August passed, and the heat remained relentless into September. I would walk out to my mailbox to pick up the post and the mailman–sweat dripping from his brow–would greet me.
“I’m really looking forward to October 15th.”
I pitied his unfortunate predicament: an open-air Jeep, doorless, offering him no solace from the searing sun.
The grocery store clerks would chirp happily at checkout as means of small talk as the weeks wore on.
“I sure am tired of this heat. I can’t wait until October 15th.”
I took my kids to the pediatrician for their back-to-school well checks. The medical staff in the office spoke amongst themselves about October 15th almost upon us. It was mid-September by now and still just so miserable outside. The red Xs on my calendar continued the countdown. I started experiencing stomach issues while running in the sweltering heat. I felt as though I lived in a constant state of dehydration and my digestive track was rebelling.
September finally passed and the cicadas seemed to express their discontent, growing increasingly angry in their obnoxious protest of incessant chatter. I began running with electrolytes, something I had never done before. I wasn’t any closer to acclimating to my new life. In addition to ever-present humidity was another calamity I had not been previously acquainted with: rain. Almost as relentless as the heat, it seemed to always be pouring with rain–but only when I was loading groceries into the car, or navigating the library parking lot with small children and an armload of books to return, or whenever heading out for a run.
October 1st arrived at last and when it was not raining, it was hot as ever outdoors. As we inched closer to the anticipated date, I became increasingly anxious, just simply tired of the oppressive heat outside. All. The. Time. I woefully missed my old life of living outdoors year round without a thought of high temperatures or torrential downpour or mosquitos. The PTA Moms were planning Halloween parties, excited for October 15th to officially usher in the fall season.
I woke up with so much hope that first October 15th, but the thermometer registered 80 degrees before the sun even came up. The mercury climbed to above 90 that day, and I assessed everyone around me a liar. October 15th was no different than the oppressive day before it, and the forecast called for several more days of the same heat. Why did these people all fool themselves into believing that somehow October 15th would be more manageable? It was a conspiracy. A boldfaced lie. There was nothing magical about October 15th. I had no choice but to continue my death marches in the Amazon heat indefinitely.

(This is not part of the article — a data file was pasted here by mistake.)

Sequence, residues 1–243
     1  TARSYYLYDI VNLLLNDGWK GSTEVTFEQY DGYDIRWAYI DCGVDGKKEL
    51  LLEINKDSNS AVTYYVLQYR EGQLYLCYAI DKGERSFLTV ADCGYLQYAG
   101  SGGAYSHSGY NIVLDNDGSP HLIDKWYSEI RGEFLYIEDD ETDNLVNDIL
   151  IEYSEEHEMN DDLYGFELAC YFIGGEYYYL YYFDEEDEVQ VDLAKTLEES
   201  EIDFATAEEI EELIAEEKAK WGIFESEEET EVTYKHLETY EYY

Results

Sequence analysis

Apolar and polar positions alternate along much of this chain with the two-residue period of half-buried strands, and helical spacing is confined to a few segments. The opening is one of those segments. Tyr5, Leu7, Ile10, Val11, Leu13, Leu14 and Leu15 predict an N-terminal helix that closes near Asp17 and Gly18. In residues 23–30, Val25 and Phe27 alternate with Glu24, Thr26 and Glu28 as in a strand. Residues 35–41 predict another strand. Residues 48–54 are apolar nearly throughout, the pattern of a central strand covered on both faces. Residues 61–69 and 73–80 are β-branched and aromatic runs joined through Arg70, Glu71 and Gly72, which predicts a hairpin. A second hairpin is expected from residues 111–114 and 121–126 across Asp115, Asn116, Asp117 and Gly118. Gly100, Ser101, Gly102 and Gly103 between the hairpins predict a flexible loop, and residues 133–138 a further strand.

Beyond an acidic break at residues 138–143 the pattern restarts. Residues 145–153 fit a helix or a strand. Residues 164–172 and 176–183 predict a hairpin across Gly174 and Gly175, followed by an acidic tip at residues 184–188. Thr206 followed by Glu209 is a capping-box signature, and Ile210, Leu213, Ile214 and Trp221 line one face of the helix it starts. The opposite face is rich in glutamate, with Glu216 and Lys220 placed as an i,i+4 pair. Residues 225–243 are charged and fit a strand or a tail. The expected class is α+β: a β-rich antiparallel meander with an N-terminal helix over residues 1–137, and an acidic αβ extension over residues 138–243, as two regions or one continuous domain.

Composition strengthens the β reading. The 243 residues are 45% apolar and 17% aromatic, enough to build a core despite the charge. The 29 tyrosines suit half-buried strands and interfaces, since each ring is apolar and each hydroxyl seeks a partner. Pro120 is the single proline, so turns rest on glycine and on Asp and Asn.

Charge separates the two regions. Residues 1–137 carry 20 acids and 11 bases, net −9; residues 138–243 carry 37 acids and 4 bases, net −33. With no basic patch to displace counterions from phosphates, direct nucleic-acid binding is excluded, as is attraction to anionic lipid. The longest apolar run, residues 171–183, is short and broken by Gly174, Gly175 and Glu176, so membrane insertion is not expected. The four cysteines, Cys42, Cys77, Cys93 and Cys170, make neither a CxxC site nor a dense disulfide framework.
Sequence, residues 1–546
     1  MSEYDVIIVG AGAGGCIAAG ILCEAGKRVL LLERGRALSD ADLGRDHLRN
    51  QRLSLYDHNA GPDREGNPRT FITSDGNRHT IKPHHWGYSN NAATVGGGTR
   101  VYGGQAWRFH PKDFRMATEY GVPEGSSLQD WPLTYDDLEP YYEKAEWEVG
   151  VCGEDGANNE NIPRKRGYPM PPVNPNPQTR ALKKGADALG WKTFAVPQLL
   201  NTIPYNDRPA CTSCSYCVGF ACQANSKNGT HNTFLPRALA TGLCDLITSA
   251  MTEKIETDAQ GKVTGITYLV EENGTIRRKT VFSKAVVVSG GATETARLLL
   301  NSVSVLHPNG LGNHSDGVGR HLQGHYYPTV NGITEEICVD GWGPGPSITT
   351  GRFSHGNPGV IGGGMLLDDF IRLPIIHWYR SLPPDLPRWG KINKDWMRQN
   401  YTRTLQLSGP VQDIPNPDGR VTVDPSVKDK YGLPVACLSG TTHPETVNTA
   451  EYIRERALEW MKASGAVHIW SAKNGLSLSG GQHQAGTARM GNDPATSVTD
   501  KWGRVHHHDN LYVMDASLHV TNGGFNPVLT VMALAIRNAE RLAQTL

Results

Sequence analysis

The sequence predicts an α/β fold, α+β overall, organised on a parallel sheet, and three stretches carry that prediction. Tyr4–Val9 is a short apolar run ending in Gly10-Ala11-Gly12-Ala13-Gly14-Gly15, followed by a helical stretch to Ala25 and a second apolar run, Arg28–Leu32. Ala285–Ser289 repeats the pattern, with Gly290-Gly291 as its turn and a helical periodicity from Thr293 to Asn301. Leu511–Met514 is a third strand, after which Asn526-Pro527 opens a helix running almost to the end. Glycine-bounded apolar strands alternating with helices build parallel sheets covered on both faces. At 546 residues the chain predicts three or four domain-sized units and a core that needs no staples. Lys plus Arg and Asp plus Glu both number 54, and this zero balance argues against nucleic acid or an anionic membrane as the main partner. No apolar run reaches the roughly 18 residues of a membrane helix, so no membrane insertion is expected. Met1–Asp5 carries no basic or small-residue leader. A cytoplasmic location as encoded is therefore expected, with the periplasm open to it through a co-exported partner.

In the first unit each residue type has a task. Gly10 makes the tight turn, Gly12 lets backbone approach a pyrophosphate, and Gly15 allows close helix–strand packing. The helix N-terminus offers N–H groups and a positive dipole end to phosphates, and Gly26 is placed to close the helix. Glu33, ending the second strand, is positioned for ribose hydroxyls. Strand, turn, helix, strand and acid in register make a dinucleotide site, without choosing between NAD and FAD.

As the years have gone by in Vero, I’ve come to understand that every year brings with it something new each October 15th. Call it “climate change” or “weather patterns” but the truth is Florida just hands us whatever it feels like giving on any given day, any given year. Some years since my first as a Florida resident, October 15th has been cooler and suggests the start of a more reasonable season. Other years, it’s been the ongoing familiar scorching heat to which I am now accustomed, and we are resigned to sweating well beyond workouts. We make our way to work sticking in skirts, our backs cemented to dress shirts. Habitually, I shower three times daily, at minimum.
Life marches on, and as the years pass, I have all but forgotten what it’s like to run in cooler climate. I’ve somehow learned to embrace the heat and all its misery. Stomach issues have become my reliable training partner and heat exhaustion is just part of any race. I dare say it’s almost a tolerable challenge to religiously run even when the heat index is upward of 106. If I am honest, I sort of even enjoy the suffering by now. I have learned to love the landscape.
This morning I woke up earlier than usual and let the dogs out back. October 15th and the air was a cherished cool. There was a faint hint of a breeze. After nursing a quiet cup of coffee, lost in my head about the workday ahead, I headed out to meet Lisa for our standing run. Under a clear, starry sky, it was 71 glorious degrees. There was a day in my former life that I used to think 71 was too hot to run, but now I welcome it as an unexpected gift. And with the beautiful sliver of a silver moon that hung in the still-dark sky, I couldn’t help but believe the cooler air was an agreement to begin a more reasonable season as we head into fall when all things begin to turn.